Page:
Mehta’s ruling will represent a flashpoint in the myriad disputes between the White House and Congress — marking the first time the judiciary weighs in on Trump’s blanket strategy of refusing to comply with congressional subpoenas and oversight requests from House Democrats.


In opening comments, Mehta indicated that he would not issue a ruling from the bench but would mull over the arguments, calling the nature of the dispute too significant to decide quickly.

Trump and his Republican allies have argued that the subpoena was politically motivated and amounts to an abuse of Congress’ authority to conduct oversight of the executive branch. Democrats have said Trump’s court challenges are frivolous efforts to delay legitimate probes, part of what they say is a broad “stonewalling” effort by the Trump administration.

Mehta spent the early portion of the hearing grilling Trump’s lawyer William Consovoy about why Congress’ interest in investigating possible foreign payments to the president — known as emoluments — isn’t valid or whether Congress has legitimate investigative interest into a president’s potential financial conflicts of interest.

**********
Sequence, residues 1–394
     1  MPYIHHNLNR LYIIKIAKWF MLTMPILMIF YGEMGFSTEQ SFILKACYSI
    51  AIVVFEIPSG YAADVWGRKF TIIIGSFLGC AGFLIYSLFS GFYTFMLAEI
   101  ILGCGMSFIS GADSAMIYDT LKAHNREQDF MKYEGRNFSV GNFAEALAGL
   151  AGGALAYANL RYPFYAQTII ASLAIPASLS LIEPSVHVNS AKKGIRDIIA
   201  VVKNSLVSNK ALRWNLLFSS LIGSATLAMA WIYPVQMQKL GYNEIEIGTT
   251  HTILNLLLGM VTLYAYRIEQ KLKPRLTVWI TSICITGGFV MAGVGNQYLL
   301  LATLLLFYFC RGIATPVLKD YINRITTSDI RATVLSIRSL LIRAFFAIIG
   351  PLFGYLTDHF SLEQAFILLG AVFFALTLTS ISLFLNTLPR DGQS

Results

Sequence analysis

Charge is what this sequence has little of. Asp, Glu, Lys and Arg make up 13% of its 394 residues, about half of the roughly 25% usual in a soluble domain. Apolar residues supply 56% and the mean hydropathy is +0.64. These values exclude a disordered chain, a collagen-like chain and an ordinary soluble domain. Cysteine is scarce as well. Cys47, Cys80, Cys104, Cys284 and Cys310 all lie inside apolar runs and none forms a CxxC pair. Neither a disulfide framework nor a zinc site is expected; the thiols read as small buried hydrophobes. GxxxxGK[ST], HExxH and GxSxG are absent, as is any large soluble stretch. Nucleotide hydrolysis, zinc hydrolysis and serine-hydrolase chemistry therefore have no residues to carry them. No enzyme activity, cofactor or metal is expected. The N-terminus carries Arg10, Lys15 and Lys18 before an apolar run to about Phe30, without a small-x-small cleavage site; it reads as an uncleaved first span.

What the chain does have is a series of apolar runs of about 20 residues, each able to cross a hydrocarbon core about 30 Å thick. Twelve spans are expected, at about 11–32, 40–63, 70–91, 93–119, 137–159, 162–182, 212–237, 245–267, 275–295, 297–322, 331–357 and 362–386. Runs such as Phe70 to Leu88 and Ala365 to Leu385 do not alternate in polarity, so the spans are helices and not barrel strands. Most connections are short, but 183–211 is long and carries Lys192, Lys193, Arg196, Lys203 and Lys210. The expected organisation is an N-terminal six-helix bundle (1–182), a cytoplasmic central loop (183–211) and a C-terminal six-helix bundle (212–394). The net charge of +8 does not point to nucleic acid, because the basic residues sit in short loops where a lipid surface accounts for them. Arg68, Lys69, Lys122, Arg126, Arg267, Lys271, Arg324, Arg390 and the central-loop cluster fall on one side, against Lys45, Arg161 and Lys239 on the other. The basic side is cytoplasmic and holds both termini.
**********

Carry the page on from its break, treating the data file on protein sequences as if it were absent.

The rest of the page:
“Say for example if a president had a financial interest in a particular piece of legislation that was being considered … in your view Congress could not investigate whether a president has a conflict of interest?” Mehta wondered.

“It would lack legitimate legislative purpose,” replied Consovoy, who argued that any attempt by Congress to determine whether a president was acting outside the law was improper because it’s the job of law enforcement, not lawmakers.

Mehta questioned, however, whether the Whitewater investigation of the Clintons or the Watergate investigation of President Richard Nixon would have passed muster under Trump’s current legal theory.